Tuesday, February 7, 2012

The Denison UFO Case of 1878, Term Flying Saucer Coined, Daytime Sighting

UFO, Denison Texas - 1878

Flag of city of Denison
I suppose it is only fitting that one of the first publicly recorded UFO cases in the United States comes from Denison Texas, the birthplace of Dwight D. Eisenhower. He is one of the few President to have been knowledgeable about the U.S. UFO program. It was speculated and rumored that he met twice with an alien race in the mid 1950's

Map of Denison a few years after the sighting
The Denison case has stood the test of time nothing has ever emerged that puts John Martin's character into question.This sighting occurred in 1878, six years after Denison was founded in 1872. There has been some speculation that the John Martin in question was from the Dallas area, but it was the Denison Daily News (now out of business) that ran this story on page 1. Some debunkers have tried to say that this sighting nothing more than a "balloon," but speed and the movement of the object and a careful reading of the story make this assessment unlikely. 
Confusion on "Flying Saucer Term"

It is common belief the the term "flying saucer" came into wide use in June of 1947, when Kenneth Arnold saw objects in the sky as he searched for a missing plane over the Mt. Ranier chain. At a press conference, a newspaper reporter took Arnold's description of the objects skipping over the skies like a saucer over water, and coined the phrase for an article. This was actually a misquote. 

Before the Wright Brothers:

In reality the term was used as early as 1878, in Denison, Texas, by farmer John Martin. Martin was outside of Denison on a hunting trip on January 2, when he was shocked to see an unknown object flying over his head. This was unheard of at the time, being years before the Wright Brothers first flight. The object that Martin saw was actually "round," but he used the common term "saucer" to describe what the object looked like at arm's length.

A Fantastic Sighting:

Martin had first seen the object in the distance, but it grew larger and larger as it came closer to him. The object appeared to be moving fast, but he had nothing to compare it with, except a balloon or a kite. The object was of a dark color, or possibly it was lit from behind, causing it to appear dark to Martin. He would report his fantastic sighting to local authorities.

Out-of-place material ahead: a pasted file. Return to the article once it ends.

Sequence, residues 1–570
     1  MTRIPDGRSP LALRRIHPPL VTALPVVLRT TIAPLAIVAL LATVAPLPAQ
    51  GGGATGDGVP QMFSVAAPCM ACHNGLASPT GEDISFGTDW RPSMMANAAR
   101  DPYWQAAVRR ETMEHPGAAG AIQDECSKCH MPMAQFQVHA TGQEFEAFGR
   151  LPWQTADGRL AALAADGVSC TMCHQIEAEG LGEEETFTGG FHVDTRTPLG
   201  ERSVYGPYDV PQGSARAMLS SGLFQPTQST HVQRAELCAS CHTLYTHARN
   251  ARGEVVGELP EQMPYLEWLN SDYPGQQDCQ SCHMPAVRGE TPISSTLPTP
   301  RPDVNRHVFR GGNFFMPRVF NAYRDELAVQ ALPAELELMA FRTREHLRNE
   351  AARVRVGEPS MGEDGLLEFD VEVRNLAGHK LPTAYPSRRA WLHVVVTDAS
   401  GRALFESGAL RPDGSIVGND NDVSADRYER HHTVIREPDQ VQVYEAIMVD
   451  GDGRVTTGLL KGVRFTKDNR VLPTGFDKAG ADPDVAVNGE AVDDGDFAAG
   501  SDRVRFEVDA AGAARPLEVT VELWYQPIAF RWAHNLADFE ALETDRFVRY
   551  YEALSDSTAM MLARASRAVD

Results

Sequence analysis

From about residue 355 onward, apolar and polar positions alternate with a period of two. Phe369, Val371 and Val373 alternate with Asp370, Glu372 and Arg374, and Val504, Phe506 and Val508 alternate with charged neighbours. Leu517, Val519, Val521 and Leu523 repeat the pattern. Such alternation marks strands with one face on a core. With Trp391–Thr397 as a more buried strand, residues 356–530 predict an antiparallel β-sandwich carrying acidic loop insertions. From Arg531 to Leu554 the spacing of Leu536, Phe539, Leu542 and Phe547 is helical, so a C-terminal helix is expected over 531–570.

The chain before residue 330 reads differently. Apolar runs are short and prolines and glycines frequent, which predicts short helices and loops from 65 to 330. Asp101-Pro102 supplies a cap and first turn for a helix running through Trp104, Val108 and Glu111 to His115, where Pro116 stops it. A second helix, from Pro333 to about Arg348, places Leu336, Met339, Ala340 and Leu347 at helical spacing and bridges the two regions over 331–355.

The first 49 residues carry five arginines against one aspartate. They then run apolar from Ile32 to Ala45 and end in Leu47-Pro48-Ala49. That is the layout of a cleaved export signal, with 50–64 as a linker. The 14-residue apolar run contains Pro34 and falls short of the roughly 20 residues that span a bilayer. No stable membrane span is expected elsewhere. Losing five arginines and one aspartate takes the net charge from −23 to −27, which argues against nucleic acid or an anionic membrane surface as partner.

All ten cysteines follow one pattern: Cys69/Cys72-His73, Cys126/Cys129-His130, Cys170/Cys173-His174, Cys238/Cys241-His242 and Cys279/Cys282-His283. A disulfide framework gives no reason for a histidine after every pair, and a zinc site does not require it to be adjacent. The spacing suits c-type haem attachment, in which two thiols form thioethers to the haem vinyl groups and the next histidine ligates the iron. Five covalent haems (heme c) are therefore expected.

Denison Daily News:

The local newspaper, the Denison Daily News reported his sighting in an article on January 25, 1878, titled, "A Strange Phenomenon." The newspaper reporter, unfamiliar with this type of report, used Martin's startling account almost verbatim.
From John Martin:

"From Mr. John Martin, a farmer who lives some six miles south of this city, we learn the following strange story: Tuesday morning while out hunting, his attention was directed to a dark object high up in the southern sky. The peculiar shape and velocity with which the object seemed to approach riveted his attention and he strained his eyes to discover its character."

A Wonderful Speed:

"When first noticed, it appeared to be about the size of an orange, which continued to grow in size. After gazing at it for some time Mr. Martin became blind from long looking and left off viewing it for a time in order to rest his eyes. On resuming his view, the object was almost overhead and had increased considerably in size, and appeared to be going through space at wonderful speed."

Deserves Attention of Scientists:

"When directly over him it was about the size of a large saucer and was evidently at great height. Mr. Martin thought it resembled, as well as he could judge, a balloon. It went as rapidly as it had come and was soon lost to sight in the heavenly skies. Mr. Martin is a gentleman of undoubted veracity and this strange occurrence, if it was not a balloon, deserves the attention of our scientists."

Historical Significance:

Martin's sighting is of great historical significance, but there are problems with any report made so long ago. He was the only witness, and there is nothing known of his character or reliability. Yet, on the other hand, we have no reason to not believe his report. What would he have gained from making such a fantastic claim.

Source about.com
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